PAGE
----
and shut away in a little drawer.
When they want you to buy something
they will call you. When they want you
to die for profit they will let you know.

          What would you trade for peace of mind? What would you give in order to realize your joy? How much would you pay for a sense of belonging that nothing could disturb or destroy? What would you endure in order to truly come alive?

          How’s this for an ad campaign? Transgender transition-related care in the U.S military: $5.6 million annually. Prescriptions and care related to erectile dysfunction due to PTSD: $84 million annually. Pre-existing condition of rape culture in the military: too high at any price. Inclusion, acceptance, safety and care of all military personnel: not priceless but what they are owed for the sacrifices they have vowed to make on our behalf.

          How much is a human being worth? What are you worth? These parables about the kingdom of heaven aren’t about finding purpose or wisdom or esoteric treasure or our happy thought or even our joy.
Turned out trading the paper clip wasn’t really about the bigger and better. It was about the people and the friendships, the connections that were formed along the way. The kingdom of heaven is about us being found. Like that one who in their joy sells all they have so they can buy a field with hidden treasure, God’s joy, our joy comes from us being found. Like that old song about grace, we once were lost but now we are found; we were blind but now we see. Wake. Up. We are the treasure, the pearl of great price, fish of every kind, the agitating yeast that sparks a chain reaction, the weedy mustard seed that can become a home for the wild thing and the vulnerable.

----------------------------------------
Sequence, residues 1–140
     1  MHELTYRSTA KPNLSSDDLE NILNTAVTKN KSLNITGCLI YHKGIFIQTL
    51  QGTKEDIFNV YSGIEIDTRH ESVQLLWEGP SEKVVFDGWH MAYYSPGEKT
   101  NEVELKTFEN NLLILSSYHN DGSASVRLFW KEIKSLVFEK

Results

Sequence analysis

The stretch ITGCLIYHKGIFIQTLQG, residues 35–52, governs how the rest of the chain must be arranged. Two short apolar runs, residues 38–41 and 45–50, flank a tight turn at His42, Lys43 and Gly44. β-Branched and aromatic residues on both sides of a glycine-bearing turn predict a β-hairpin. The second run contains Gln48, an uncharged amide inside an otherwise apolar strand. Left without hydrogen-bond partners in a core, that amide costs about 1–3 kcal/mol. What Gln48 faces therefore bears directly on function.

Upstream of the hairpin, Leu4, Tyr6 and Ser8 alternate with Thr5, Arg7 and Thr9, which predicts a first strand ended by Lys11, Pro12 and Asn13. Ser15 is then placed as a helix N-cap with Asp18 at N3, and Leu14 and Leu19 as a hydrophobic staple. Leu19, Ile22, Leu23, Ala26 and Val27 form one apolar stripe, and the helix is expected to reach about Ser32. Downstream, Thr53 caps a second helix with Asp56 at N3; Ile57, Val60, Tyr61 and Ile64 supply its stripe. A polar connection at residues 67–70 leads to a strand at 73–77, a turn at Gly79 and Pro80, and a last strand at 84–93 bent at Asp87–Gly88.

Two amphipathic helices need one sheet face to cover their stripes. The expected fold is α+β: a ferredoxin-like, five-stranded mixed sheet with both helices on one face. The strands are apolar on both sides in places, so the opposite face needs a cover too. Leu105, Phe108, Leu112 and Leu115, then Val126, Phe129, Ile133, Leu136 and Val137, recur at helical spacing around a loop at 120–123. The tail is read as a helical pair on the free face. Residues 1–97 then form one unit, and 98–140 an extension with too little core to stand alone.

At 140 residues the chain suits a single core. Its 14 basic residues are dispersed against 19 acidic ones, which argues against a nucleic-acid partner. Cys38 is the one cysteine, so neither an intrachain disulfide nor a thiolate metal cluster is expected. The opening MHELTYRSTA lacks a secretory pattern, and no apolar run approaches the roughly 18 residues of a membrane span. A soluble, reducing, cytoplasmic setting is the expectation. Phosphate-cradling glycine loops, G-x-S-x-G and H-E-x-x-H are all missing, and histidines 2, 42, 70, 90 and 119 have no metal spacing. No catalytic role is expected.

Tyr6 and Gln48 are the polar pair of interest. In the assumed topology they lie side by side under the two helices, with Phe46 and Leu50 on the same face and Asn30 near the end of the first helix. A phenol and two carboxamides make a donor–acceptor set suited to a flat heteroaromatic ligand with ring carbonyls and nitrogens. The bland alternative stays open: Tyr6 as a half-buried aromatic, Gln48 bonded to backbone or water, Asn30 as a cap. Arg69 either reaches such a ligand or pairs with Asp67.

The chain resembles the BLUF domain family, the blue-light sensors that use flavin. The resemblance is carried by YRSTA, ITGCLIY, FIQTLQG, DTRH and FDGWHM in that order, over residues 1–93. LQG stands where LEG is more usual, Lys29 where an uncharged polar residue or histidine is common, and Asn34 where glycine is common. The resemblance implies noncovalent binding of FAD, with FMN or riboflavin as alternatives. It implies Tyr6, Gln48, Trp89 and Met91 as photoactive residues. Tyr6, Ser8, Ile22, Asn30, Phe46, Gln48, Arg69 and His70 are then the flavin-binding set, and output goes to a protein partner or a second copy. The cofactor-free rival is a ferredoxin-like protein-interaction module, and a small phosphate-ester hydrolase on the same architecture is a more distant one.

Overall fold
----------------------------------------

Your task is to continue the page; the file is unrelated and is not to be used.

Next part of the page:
Having been found and accepted as we are,
knowing that there is nothing than can disturb or destroy our belonging, our connection to everything and everyone, we are then set free to find others, to help them realize their worth.  The kingdom of heaven, the kin-dom, is hiding in all of us, in our extraordinary ordinary lives, like a seed planted in the ground, seeds of heaven in all of us.

          Our last place we’d look for the kingdom of heaven is God’s first place to look. Like in our hard-seed heart that has trouble forgiving or accepting or loving sometimes.
Fish of every kind
Or in something as seemingly worthless like trading a red paper clip with a stranger. So I invite you to embark on an adventure. Try trading that red paper clip and see what happens. You could also clip it in a place where you can see it every day, to remind you that you are the treasure, the pearl, the find. But if you’re up for it, see who you can find, what chain reaction you might start. And when you’ve got a story to tell, share it during concerns and celebrations. Imagine a church obsessed with the kingdom of heaven. We just might find even more than our own worth.

          One red paper clip: about 6/10 of a cent. Every human being: worthy.  Period.